What’s Going On Around The World Today?
HERE ARE THE TOP STORIES
As many as 700 migrants may have drowned after a Mediterranean shipwreck yesterday. The boat capsized, with many trapped behind locked doors, just off the Libyan coast in what could be the Mediterranean’s worst migrant disaster ever, according to The Guardian. Many of the passengers were refugees seeking to reach Europe to flee ongoing or worsening wars in their home countries. If confirmed, Sunday’s accident means at least 1,500 migrants have died so far in 2015 while en route to Europe, a figure much higher than that of the same period last year, which was also a record year. Sunday’s accident follows a similar accident last week in which 400 others drowned.
Migrants board a ship as they leave the island of Lampedusa, Southern Italy, to be transferred in Porto Empedocle, Sicily, on Friday.
Francesco Malavolta / AP
And a little extra. “A big reason the journey is becoming deadlier is that no one has stepped in to properly replace Mare Nostrum, an Italian coast guard operation for migrants that ended last year,” BuzzFeed News’ Shyamantha Asokan writes. A smaller European-led operation called Triton has replaced it, but doesn’t have the same capacity. Some European countries fear that setting up a big rescue operation would encourage migrants to take on a risky journey, and hence they were reluctant to help Italy with Mare Nostrum or set up a full replacement, Human Rights Watch’s Judith Sunderland tells BuzzFeed News.
Italian Prime Minister Matteo Renzi called for a meeting of European Union leaders this week. “This is a European tragedy,” Renzi told reporters Sunday. If you want more, we recommend this comprehensive briefing from The Guardian, which outlines the key issues of Europe’s worsening migrant crisis.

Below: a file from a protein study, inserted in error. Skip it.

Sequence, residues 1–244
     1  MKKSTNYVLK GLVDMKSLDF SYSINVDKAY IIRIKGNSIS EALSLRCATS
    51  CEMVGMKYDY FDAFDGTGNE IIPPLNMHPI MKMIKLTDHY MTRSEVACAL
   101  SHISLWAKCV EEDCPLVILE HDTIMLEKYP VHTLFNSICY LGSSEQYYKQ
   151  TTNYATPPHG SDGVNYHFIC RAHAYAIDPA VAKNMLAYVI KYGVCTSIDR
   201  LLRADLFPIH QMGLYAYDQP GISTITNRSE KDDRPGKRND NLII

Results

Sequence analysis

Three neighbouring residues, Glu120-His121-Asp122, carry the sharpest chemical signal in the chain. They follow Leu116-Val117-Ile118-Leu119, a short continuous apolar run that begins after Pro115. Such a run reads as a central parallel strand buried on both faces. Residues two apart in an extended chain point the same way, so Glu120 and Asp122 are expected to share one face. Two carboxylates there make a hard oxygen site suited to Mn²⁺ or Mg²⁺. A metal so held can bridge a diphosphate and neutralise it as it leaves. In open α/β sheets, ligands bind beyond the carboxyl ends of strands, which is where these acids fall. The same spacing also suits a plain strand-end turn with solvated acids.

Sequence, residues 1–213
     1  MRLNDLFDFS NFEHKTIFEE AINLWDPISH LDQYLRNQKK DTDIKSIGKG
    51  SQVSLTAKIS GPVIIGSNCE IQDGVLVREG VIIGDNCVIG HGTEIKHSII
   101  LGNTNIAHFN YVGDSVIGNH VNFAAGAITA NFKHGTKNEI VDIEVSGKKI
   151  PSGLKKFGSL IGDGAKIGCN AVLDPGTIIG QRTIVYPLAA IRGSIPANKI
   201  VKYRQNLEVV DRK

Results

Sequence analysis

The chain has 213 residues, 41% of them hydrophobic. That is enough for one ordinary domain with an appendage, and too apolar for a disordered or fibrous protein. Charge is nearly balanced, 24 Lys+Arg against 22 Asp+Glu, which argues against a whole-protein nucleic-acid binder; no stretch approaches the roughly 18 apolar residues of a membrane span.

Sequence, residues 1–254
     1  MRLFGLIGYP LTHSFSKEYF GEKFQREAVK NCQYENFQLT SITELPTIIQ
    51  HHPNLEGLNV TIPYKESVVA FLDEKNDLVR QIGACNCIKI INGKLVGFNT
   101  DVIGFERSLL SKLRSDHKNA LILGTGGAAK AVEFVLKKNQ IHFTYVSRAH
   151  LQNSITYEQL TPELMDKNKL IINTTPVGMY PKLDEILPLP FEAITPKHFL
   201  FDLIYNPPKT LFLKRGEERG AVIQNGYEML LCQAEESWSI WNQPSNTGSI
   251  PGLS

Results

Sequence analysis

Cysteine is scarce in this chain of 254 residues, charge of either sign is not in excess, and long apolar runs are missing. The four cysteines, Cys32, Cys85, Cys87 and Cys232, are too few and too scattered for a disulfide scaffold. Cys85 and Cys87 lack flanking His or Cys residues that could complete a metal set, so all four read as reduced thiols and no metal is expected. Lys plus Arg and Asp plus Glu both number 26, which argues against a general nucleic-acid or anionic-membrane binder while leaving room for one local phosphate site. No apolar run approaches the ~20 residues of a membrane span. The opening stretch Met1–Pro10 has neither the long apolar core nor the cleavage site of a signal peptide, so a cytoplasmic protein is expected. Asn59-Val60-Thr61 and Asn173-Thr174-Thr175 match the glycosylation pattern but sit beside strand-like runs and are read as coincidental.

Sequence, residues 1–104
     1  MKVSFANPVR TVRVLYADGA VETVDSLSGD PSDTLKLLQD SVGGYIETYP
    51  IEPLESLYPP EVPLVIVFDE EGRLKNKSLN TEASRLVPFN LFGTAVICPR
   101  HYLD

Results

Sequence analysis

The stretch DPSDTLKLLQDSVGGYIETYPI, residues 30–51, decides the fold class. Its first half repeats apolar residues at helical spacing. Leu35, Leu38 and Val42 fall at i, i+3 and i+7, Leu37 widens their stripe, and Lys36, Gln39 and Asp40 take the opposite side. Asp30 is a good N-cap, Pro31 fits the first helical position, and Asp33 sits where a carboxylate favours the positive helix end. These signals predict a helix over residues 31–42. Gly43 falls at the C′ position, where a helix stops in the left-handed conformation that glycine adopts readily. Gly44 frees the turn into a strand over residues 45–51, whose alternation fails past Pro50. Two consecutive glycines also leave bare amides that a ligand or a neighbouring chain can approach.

Italian Prime Minister Matteo Renzi gives a press conference focused on the shipwreck of migrants last night off the Libyan coast, on Sunday in Rome.
Tiziana Fabi / AFP / Getty Images
WE’RE KEEPING AN EYE ON
More than 300 people were arrested in South Africa in connection to the wave of violence targeting immigrants from other parts of the African content — evoking the violence that erupted in the country’s apartheid history, BBC News reports. The Minister of Home Affairs, Malusi Gigaba, also issued a warning to those involved in the violence, which has killed at least six people in the past two weeks, and promised legal retaliation. On Sunday, South African President Jacob Zuma canceled a state visit to Indonesia to focus on alleviating the tensions in the county. Zuma has indicated that he will work to allow immigrants to stay in the country peacefully.
What’s next? The xenophobic violence in South Africa has caused backlash from neighboring countries. Nigerian officials are pressuring South African companies to stop operations in Nigeria, while protests are being held at South African embassies across the continent. In response to the backlash, the South African government hastily called a meeting with ambassadors from other African countries to assure them that their concerns about the security of their people were taken seriously. Many from outside South Africa remain skeptical, given the country’s history with apartheid, according to The Guardian.
A man holds up a sign as South African President Jacob Zuma addresses a temporary refugee camp in Chatsworth on Saturday during a visit marked by hostile reaction of foreign nationals chanting 'Go home, go home' and 'too late, too late'.
Rajesh Jantilal / AFP / Getty Images
ISIS may have carried out its first major attack in Afghanistan. On Saturday, a suicide bomber killed 33 people and injured more than 100 others in Jalalabad, a city in eastern Afghanistan. Afghan President Ashraf Ghani has said ISIS claimed responsibility. If that’s verified, it would mark the militant group’s first “significant step in its expansions into South Asia,”according to Reuters. The Taliban has also strongly denounced the attack, BuzzFeed News’ Felipe Araujo writes.